Great Moments In Journalism: New York Times Runs 2 Page Profile Of Mitt Romney’s Hair


Jake Tapper‘s tweet of bizarre “no comment” boilerplate had all the makings of an Onion parody: “”…a spokeswoman for the Romney campaign, declined to comment on the candidate’s hairstyle, or to make Mr. Romney available to discuss it.”

It was no joke, but rather, a quote from The New York Timesstraight-faced report on Republican presidential candidate Mitt Romney‘s fantastic hair.

The report is pegged to an interview with Romney hairstylist (for over two decades) Leon de Magistris, and reveals that the stylist has tried, in vain, to get Romney to go with a more mussed look, and that other customers in the area often request Romney’s conservative style using the Jennifer Aniston-esque shorthand “The Mitt.”

Those enamored of the multi-millionaire former Governor’s Subway-eatin’, coach-flyin’ frugality will also be delighted to learn that, in between $70 cuts by de Magistris, Romney often gives himself a trim on the road.

Look, it’s Thanksgiving weekend, not a lot is happening in the news, so a report about Mitt Romney’s hair isn’t the biggest crime against journalism in the world. What is troubling, though, is the fact that, as the report notes, stories about a candidate’s ‘do actually do matter to some voters:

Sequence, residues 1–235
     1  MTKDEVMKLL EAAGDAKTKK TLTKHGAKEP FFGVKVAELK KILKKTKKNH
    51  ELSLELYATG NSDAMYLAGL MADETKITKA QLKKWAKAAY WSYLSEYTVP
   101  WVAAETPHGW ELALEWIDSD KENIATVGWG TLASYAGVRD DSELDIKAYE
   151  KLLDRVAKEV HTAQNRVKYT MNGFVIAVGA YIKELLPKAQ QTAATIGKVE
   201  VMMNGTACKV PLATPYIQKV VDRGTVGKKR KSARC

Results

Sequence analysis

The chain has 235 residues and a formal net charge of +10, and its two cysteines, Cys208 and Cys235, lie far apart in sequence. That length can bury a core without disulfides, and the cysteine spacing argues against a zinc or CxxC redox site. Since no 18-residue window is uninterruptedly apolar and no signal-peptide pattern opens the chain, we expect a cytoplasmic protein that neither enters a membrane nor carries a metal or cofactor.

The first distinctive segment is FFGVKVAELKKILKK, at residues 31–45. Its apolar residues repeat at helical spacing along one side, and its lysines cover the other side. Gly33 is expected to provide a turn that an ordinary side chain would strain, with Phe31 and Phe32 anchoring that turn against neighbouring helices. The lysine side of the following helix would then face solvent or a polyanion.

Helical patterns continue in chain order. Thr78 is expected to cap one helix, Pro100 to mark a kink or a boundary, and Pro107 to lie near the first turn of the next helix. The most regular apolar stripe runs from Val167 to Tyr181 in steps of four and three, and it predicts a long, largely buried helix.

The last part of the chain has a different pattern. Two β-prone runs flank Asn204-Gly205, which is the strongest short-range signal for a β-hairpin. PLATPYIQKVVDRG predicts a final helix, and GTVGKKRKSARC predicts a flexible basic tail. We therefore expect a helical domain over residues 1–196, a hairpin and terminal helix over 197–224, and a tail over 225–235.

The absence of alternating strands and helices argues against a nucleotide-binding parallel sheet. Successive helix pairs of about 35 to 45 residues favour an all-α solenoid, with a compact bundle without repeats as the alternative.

Advisers describe Mr. Romney, whose hectic schedule has landed him in barbershops from Atlanta to New York City (where his cut costs $25), as uninterested in the finer points of his appearance. The same cannot be said of his advisers. In 2007, the last time Mr. Romney ran for president, they drafted a 77-page PowerPoint presentation on his strengths and weaknesses, which later fell into the hands of a reporter.

His hair was listed as a potential turnoff.

Privately, some Democratic strategists have seized on it as a physical manifestation of what they say is a deeper truth: Mr. Romney, whose fortune is pegged at around $200 million, is not like most Americans. (Democrats know the political power of hair: a $400 wash and trim undercut John Edwards’s populist message in 2007.)

Political coverage has an annoying habit of holding up a funhouse mirror to voters’ most superficial concerns (how’s the hair? what kind of beer buddy are we talking about?) and magnifying them, creating this chicken-or-egg loop. Do voters really care about candidates’ hair, or do they only care because stories like this tell them they care? The end result, either way, is that voters care about hair, or beer, or windsurfing, or brush-clearing.

Let me be the one, this time, to stipulate that yes, voters do care about a candidate’s hair, but also to add that they’re stupid for doing so. As it happens, the two most electable Republican candidates, Romney and Jon Huntsman, both have fantastic hair, but so do Rep. Michele Bachmann and Gov. Rick Perry. As previous leaders of the GOP presidential field, I’m sure they would both tell you that this kind of support is hair today, gone tomorrow. If you want to be the mane attraction in presidential politics, you need a lot more than a brush with greatness.

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